Mrs. Palfrey at the Claremont Movie Review
Mrs. Palfrey (Dame Joan Plowright) has decided to settle into the two-star Claremont Hotel in London's Lancaster Gate in order to be closer to her grandson and to assert a final bit of independence before her inevitable final decline. The rather dreary establishment turns out to be populated by a handful of lonely old-timers who sit solo at their assigned tables in the dining room and check each other out. Their main amusement seems to be gossiping about each other.
After weeks of waiting for her distracted grandson Desmond to return her calls and pay her a visit, Mrs. Palfrey starts to have trouble convincing the other residents that he actually exists. (Most of them also tell stories of beloved relatives who haven't stopped by yet.) Just then, she's lucky enough to fall on the sidewalk outside the basement apartment of the dashing young Ludovic (Rupert Friend), a starving writer/street busker who assists her and then strikes up a fast friendship. Mrs. Palfrey comes up with the idea of inviting him to dinner at the Claremont and presenting him as her grandson, and he's up for the adventure. The more he talks to Mrs. Palfrey, the more he realizes that her stories of days gone by may be the key to unlocking his writer's block.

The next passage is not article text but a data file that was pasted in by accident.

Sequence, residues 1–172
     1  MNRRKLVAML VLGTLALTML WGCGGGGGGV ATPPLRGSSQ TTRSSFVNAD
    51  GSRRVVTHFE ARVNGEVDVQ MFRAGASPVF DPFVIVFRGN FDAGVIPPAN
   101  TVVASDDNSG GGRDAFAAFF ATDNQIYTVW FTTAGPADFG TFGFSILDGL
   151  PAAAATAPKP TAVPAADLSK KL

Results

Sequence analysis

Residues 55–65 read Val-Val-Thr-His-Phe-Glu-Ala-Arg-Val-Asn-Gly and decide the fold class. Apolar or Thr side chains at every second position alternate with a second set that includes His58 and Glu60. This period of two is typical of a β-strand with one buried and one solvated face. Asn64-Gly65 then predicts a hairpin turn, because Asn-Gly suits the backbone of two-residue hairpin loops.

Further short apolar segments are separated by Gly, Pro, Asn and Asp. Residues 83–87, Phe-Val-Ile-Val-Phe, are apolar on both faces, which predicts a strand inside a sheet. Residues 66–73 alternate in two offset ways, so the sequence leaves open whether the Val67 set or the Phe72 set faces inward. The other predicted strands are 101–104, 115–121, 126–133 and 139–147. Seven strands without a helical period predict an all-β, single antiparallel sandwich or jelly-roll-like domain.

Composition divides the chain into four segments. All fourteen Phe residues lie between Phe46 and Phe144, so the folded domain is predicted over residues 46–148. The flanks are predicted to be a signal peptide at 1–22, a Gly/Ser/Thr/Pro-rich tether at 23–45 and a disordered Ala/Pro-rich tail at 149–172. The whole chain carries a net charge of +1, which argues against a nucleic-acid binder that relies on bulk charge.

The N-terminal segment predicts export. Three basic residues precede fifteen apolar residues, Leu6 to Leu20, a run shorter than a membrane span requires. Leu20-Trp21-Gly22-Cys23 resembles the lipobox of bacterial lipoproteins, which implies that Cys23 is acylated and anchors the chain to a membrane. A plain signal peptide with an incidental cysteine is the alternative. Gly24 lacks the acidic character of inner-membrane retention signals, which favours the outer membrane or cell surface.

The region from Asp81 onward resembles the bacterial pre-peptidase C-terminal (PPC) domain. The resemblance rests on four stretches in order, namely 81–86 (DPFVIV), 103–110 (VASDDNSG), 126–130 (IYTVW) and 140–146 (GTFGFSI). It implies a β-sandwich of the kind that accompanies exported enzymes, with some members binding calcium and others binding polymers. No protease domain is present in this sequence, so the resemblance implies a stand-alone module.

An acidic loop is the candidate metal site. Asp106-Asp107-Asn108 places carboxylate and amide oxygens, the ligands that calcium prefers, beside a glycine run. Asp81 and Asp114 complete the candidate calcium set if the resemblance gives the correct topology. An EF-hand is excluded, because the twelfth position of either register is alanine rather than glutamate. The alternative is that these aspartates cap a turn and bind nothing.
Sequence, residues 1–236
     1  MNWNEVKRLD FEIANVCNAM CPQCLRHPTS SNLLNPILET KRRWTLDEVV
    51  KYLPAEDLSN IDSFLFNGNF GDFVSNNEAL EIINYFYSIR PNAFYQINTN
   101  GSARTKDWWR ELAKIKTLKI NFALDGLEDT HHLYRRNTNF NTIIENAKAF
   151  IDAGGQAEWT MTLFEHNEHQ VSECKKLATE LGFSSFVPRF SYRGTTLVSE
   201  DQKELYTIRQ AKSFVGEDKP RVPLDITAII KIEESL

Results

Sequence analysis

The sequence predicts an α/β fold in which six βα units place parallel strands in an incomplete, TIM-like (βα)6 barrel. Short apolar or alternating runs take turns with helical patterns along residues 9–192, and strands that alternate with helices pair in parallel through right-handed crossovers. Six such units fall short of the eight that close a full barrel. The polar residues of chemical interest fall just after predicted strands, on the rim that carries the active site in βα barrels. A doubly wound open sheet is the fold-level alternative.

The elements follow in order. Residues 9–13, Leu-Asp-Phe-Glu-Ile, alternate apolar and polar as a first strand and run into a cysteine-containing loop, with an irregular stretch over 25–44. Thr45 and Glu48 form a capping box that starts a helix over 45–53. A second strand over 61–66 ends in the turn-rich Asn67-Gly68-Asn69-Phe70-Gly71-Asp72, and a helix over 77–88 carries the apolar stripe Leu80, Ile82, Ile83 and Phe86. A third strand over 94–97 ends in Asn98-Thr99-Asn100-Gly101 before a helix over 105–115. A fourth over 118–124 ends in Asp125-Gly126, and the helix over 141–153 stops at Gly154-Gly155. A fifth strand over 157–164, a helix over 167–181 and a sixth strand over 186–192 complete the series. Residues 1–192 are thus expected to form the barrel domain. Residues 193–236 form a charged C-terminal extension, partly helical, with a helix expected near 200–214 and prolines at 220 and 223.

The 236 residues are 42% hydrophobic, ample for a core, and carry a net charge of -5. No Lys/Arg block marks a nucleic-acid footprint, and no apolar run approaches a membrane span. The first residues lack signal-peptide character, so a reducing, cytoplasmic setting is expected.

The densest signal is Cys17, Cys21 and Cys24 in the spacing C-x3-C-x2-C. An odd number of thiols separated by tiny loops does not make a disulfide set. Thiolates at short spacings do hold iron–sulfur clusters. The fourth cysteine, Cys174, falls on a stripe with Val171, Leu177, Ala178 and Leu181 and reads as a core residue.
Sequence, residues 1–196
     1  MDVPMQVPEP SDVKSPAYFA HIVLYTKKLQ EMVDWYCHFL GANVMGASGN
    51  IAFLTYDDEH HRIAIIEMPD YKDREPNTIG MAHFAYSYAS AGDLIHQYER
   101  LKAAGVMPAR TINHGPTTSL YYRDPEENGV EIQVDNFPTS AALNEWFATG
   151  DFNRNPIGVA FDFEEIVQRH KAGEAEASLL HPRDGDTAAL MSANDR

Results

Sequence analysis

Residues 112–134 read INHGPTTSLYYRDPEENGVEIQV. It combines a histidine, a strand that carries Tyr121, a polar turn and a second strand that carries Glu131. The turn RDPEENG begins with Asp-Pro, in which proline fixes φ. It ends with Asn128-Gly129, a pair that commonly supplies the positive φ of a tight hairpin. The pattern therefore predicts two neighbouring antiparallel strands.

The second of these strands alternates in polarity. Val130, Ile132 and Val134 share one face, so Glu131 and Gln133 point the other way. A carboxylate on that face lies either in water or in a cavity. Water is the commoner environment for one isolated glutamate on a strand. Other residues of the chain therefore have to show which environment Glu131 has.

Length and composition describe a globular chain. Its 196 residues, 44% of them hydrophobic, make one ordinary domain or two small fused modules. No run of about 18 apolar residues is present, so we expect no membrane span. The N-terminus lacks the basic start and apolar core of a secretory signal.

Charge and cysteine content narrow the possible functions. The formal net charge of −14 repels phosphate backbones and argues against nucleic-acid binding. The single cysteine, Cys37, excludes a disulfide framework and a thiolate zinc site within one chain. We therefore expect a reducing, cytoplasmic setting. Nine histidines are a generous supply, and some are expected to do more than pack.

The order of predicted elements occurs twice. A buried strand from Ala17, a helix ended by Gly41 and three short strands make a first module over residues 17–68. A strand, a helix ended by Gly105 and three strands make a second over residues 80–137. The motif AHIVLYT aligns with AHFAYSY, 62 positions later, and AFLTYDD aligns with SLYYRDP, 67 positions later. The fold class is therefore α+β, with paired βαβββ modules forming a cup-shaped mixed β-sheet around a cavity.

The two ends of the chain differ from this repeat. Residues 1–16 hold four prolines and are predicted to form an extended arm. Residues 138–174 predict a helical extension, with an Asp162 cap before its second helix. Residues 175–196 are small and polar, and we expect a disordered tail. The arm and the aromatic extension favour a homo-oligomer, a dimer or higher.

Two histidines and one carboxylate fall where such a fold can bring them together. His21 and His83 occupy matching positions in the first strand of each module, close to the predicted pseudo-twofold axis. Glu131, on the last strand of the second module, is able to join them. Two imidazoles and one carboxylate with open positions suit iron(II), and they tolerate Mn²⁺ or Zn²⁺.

And so he becomes Desmond, and she becomes "Sasa," his beloved grandmother, and their lives become symbiotically intertwined. He eases her loneliness and makes her feel young again. She delivers life lessons ("Never waste a single moment") and snaps him out of his existential funk. She quotes Wordsworth. He quotes Blake. She regales him with stories of her happy marriage. He makes up songs for her. It's all very sweet and very British.
Eventually, of course, the real grandson shows up (along with Mrs. Palfrey's harridan of a daughter), and everything is thrown into a tizzy as the movie glides along to an unsurprising and inevitable conclusion. Still, even without shocking plot developments, Mrs. Palfrey is never dull. Plowright is one of the greats, and she's wonderful at depicting Mrs. Palfrey's anger at her old age and widowhood. Friend, too, is excellent. Ludo is little too good to be true perhaps (would any 26-year-old really embrace this kind of friendship?), but Friend is charming throughout and shows no sign of sharing every scene with a living legend... and the widow of Olivier, no less. Pour yourself a cup of Earl Grey and enjoy.
Let's wear scarves today.